The Sensuality of the World to Come: On Bruckner’s Ninth Symphony

Anton Bruckner is the greatest composer completely unknown to most people. He is my favorite symphonist, and I am sure that he would enrich any person’s life.

The great Benjamin Zander and his Boston Philharmonic performed Bruckner’s “unfinished” Ninth Symphony last night at Jordan Hall. 

Late nineteenth-century Austrian, sui generis, very Catholic, pious and mystical in the decadent and delightful world of fin-de-siècle Vienna, that wondrous ferment of Ringstrasse and Jugendstil, of Mahler and Klimt and Freud: Bruckner stood outside these exciting currents because of his Catholic piety, but he was at least as advanced in his art as any of the other great ones operating in Vienna at this time. Indeed, maybe it is only now that we are beginning to catch up with him…

Bruckner is not commonly programmed, but Zander said that his sense of things is that we are on the cusp of a Bruckner era, that his time has come. Please God that this be so. Our culture needs this music. As Zander puts it: 

“This music has an extraordinary effect on the mind. [Everyone came out of that rehearsal] radiant, calm, and full of love. There are very few things you can do to create that nowadays. …It makes you feel very healthy. It gives you access to a state of mind quite outside that of normal life that is especially needed in these anxious times.”

The maestro gives lectures on the music he is about to conduct, and those are must-attend events. (They will be performing Mahler’s Second in April. I will be there, and so should you!)

The Philharmonic’s performance of the Ninth was excellent. Zander understands the articulations of this complex and very long-arced music, and his orchestra vigorously and precisely persevered to conjure up the glory.

The final movement was left unfinished by Bruckner at his death in 1896. His last musical testament is the Adagio, which provides a fitting conclusion for his Ninth and a fitting valedictory to his life. 

The whole symphony bears the dedication: “An den lieben Gott” (To the beloved God). All of his music, even this piece so full of breathtaking dissonance, is focused on God.

I am providing a link to the Scherzo: My goal is to entice you to actually listen, and then to get hooked. Indeed, it was the Scherzo of the Ninth that first caused me to fall under Bruckner’s spell. The scherzos of his symphonies are absolutely unique in the symphonic literature, an epitome of his style. They are the most easily approached of the movements. They are the shortest, so their compositional logic isn’t stretched over, say, twenty-plus minutes, requiring repeated listenings to begin to assimilate.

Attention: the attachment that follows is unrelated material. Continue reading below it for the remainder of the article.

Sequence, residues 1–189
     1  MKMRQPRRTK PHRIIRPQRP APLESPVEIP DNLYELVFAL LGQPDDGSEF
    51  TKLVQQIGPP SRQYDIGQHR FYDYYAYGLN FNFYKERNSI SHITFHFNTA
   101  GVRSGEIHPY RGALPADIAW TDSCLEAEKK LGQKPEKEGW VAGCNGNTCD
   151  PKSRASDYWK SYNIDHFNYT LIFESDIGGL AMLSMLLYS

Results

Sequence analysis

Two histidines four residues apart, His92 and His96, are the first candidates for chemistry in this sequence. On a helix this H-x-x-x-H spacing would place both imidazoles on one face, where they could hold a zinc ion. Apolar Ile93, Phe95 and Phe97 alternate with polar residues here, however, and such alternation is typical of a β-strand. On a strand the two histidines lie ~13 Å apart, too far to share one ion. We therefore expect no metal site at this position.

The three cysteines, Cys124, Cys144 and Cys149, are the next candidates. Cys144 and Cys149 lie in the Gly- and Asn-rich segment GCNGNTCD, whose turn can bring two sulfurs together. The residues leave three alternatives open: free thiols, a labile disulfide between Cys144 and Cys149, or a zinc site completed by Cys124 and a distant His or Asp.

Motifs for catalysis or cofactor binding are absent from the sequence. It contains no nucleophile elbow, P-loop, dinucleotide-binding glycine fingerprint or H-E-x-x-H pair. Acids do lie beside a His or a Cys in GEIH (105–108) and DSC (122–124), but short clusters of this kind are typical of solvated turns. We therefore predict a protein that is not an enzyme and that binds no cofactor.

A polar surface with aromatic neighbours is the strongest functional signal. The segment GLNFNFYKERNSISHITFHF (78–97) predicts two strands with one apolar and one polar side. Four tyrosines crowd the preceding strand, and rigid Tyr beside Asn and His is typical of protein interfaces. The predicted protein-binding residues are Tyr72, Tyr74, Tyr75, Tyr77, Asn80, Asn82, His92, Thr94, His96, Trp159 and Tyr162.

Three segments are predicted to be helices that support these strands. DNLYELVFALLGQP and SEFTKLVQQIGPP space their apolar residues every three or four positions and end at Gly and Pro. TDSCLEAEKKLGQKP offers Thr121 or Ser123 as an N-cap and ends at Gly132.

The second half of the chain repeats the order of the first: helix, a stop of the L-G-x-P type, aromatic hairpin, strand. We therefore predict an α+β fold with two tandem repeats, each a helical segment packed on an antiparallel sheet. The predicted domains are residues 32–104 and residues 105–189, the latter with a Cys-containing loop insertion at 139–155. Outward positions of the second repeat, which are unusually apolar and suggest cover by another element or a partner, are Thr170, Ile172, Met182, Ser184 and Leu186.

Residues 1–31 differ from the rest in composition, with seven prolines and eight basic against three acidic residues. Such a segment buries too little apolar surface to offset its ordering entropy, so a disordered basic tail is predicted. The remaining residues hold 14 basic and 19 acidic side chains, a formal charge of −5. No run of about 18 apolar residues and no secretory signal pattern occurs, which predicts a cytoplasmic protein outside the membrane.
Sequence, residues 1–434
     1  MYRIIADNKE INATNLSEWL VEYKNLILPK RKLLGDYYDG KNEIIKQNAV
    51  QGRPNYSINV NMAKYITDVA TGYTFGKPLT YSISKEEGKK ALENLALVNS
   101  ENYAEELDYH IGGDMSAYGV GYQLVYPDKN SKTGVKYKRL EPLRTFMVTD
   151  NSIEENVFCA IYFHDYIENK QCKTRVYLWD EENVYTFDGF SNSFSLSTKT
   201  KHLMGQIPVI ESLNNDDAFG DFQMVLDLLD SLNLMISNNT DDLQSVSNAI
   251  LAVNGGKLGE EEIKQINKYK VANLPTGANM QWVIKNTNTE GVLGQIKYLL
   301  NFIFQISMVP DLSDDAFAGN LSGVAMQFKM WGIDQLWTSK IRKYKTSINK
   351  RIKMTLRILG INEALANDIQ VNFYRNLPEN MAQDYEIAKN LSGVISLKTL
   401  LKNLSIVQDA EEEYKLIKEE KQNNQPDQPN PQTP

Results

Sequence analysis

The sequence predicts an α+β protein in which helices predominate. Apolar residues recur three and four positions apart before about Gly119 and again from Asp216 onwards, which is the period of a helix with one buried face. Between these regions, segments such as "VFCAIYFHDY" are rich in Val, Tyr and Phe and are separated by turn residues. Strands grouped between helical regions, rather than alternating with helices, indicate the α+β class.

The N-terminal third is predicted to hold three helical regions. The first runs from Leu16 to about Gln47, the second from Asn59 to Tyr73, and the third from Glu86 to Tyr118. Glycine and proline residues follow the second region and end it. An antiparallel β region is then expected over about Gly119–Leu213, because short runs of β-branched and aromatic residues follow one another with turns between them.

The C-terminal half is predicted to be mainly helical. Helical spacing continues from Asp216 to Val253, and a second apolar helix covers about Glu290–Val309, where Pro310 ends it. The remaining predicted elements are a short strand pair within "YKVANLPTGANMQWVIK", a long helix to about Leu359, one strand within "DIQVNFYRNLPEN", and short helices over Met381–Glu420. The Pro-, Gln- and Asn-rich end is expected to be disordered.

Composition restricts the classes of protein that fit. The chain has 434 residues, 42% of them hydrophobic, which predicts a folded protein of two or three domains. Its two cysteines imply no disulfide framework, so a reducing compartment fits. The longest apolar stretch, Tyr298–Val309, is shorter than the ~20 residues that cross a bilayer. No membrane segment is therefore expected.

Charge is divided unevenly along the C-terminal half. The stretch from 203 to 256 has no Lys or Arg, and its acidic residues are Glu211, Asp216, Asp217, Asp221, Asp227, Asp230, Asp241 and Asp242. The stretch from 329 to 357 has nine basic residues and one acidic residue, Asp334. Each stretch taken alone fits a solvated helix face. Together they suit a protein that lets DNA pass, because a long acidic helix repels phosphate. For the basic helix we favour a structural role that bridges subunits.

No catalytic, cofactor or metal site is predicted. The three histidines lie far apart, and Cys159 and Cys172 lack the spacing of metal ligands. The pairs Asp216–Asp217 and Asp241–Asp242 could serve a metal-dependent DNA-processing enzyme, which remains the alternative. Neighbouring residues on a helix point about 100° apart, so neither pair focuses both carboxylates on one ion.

I have no idea whether this hunch of mine is musicologically supportable, but let me offer what I think to be a hermeneutic key for the scherzos. When I first heard Bruckner’s Mass No. 3 in F minor, I was roused by what seemed to me to be the Bruckner-scherzo effect at the point in the Creed where the Resurrection of Jesus is confessed (“et resurrexit”), as well as at the closing when we profess faith in the general resurrection (“et expecto resurrectionem”). So, I take the driving brass of the scherzos to be a resurrection-motif. That’s my theory, anyway. 

Now, the Scherzo of the Ninth is the most anguished he wrote, an alternation of heavy menace and light dance. Musically, again typically, it is well in advance of his time. A reviewer has noted how the rhythmic sensibility blossoms in Stravinsky’s Rite of Spring. I hear, though more complex in Bruckner, Holst’s “Mars” from The Planets, a work twenty years in the future and written during the Great War.

Despite its minatory aura, I still think this Scherzo is about the resurrection and the coming Kingdom, which is what Bruckner’s music is always about. Piety, but without sentimentality or shortcuts or measuring to our measure. Objective piety. Being measured. And that is exactly what we need. 

This is God-focused music, expressionism from above. Here is an inimitable musical personality ecstatically offering his subjectivity as an instrument of objectivity. And objectivity, God, Love, means the inhabiting of all the immense tensions and contradictions (the dissonances) of time so that the resurrected life may break through. The menace of this Scherzo is that of the pain of the world, but it is even more the menace that the coming-on of God’s love in the flesh poses to the powers of the world. This is the apocalypse of love. This is profound affirmation of the triumph of love without any evasion of the soul-breaking dissonances of finitude and fallenness, a chromatic traversal through every single difficult moment of history by a love that keeps pressing down from on high in order to raise up.

We hear, indeed we see, the mountains of heaven rising in great steps from the subterranean shriek. It is visceral music. You feel your whole heavy body and your whole heavy spirit beginning to expand in a force inexorable in its love and its perseverance, finding and filling every dark space in us, energizing us with the light massiveness of heaven’s highlands.

That is what Bruckner can do for you.